Surface Pro 3 sees positive reception in the healthcare industry, is 'clinical grade'

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Surface Pro 3 sees postive reception in the Healthcare Industry

Microsoft is touting the Surface Pro 3 as a "clinical grade" device, designed to be used in the healthcare industry. On top of that, the Seattle Children’s Hospital and UPMC have selected the Surface Pro 3 to help their organizations.

"Like its predecessor, Surface Pro 3 was designed to be a Clinical Grade device - designed from the ground up to ensure maximum performance and usability for healthcare workers. From powerful Intel Core processors to enterprise level data security to the ability be sanitized between patient encounters, clinical grade devices promise the performance, reliability, and security that are required to help caregivers be as productive as they can be while ensuring the highest quality of patient care," Microsoft statred in an official blog post.

So what exactly is clinical grade? Clinical grade promises the performance, reliability, and security needed to maximize caregiver productivity and ensure the highest quality of patient care. 

Ranked as one of the best children's hospitals in the US, the Seattle Children's Hospital has selected the Surface Pro 3 to replace their existing laptop devices. The clinicians at this hospital will utilize the Surface Pro 3 for electronic medical record (EMR) management while also allowing adherence to HIPAA and other strict security regulations in healthcare. "Surface Pro 3 is going to be our laptop replacement," said Wes Wright, CIO of Seattle Children’s Hospital. "We look at weight. We look at battery life. Application compatibility. It was kind of a no-brainer for us."

That's not the only healthcare organization that will make the move to the Surface Pro 3. UPMC, a leading integrated healthcare delivery and financing system in Pittsburgh, will be deplying 2,000 Surface Pro 3 devices for use in their innovative Convergence application to give their physicians quick access to the most important information they need about every patient they see.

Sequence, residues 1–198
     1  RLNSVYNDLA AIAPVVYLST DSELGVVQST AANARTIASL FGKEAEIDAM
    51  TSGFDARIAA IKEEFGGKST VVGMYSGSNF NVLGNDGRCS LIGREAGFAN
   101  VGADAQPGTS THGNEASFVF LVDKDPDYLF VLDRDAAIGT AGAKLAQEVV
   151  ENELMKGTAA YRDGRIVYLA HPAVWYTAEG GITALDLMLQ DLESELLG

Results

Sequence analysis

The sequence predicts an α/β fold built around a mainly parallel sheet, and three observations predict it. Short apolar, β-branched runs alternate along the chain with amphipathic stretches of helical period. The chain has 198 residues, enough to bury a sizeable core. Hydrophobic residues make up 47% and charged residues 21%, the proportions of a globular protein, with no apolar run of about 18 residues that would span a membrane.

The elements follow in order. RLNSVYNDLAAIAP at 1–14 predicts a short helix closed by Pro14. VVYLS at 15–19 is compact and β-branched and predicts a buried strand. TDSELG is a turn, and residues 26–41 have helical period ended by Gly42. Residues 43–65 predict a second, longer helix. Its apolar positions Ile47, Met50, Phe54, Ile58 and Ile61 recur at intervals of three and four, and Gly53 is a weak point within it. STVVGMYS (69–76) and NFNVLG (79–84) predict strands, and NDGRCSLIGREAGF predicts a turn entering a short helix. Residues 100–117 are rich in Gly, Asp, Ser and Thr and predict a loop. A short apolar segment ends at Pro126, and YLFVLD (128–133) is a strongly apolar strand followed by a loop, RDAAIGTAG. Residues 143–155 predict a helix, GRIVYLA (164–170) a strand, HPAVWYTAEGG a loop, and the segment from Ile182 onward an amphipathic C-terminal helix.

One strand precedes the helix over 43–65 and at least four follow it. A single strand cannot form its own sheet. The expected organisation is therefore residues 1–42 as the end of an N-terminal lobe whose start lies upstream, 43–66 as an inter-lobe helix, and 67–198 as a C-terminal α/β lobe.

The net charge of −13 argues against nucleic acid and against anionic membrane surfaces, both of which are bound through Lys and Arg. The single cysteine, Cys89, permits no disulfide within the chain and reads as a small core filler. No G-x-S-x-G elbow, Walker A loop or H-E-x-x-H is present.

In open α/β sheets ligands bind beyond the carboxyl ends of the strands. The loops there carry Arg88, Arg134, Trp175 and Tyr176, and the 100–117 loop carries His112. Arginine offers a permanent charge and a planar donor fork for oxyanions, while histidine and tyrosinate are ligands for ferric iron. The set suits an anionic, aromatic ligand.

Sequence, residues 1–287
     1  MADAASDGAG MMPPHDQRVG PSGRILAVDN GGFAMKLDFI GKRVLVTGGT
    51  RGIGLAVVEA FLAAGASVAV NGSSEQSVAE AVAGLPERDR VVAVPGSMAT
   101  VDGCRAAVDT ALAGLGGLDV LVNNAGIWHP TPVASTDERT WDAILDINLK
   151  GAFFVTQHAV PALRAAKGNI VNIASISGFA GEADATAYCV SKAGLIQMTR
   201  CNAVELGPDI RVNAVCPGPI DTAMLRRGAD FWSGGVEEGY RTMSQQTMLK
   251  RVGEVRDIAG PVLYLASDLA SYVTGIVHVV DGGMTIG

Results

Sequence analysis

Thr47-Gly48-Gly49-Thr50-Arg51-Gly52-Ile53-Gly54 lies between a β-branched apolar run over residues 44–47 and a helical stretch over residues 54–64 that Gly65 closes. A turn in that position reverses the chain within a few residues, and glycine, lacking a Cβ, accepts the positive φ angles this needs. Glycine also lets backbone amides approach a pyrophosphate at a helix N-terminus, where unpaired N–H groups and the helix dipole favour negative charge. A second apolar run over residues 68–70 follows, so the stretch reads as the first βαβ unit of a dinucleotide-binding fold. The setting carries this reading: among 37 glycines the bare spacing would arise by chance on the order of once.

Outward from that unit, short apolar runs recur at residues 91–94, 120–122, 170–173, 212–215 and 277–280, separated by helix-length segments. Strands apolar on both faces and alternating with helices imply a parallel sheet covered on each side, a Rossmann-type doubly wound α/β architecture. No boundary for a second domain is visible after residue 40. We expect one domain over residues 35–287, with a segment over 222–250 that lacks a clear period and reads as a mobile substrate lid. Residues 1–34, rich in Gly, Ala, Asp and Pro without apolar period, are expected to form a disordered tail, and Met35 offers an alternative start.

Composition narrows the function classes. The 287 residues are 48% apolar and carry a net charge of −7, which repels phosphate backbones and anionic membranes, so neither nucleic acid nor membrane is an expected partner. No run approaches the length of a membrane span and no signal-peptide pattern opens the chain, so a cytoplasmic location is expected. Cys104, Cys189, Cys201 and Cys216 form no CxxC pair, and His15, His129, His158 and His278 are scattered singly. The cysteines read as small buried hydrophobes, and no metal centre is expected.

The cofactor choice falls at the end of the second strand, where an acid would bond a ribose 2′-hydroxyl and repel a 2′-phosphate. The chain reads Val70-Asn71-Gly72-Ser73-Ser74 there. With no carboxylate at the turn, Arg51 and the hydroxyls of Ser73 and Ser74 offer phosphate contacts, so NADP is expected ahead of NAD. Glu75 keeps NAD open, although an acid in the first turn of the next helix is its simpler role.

"We originally spent about a year trying to develop the application on the iPad. What we found was that it was not going to work in the enterprise setting. We weren’t able to achieve a lot of the functionality– such as interfacing with the legacy systems– that we could achieve with the Surface on Windows 8," said Rebecca Kaul, Chief Innovation Officer for UPMC and the President of UPMC’s Technology Development Center.

"The doctors who tried it loved the visualizations our developers came up with, but they balked when told the iPad app would be read-only and that they would still have to go back to their EHR to record data. They'd either have to go to their desktop or, at best, open up a Citrix session from the iPad, log in, and navigate to the right section of the EHR to log the data. We’ve looked at other devices in the Windows 8 realm, but landed back on the Surface because it really has the right balance of features in terms of size, form factor, and ability to disinfect."

In this day and age, it is all about delivering more results with less resources, especially in healthcare. Microsoft touts the ability to spend more time with patients and not technology, which is achievable with the Surface Pro 3.

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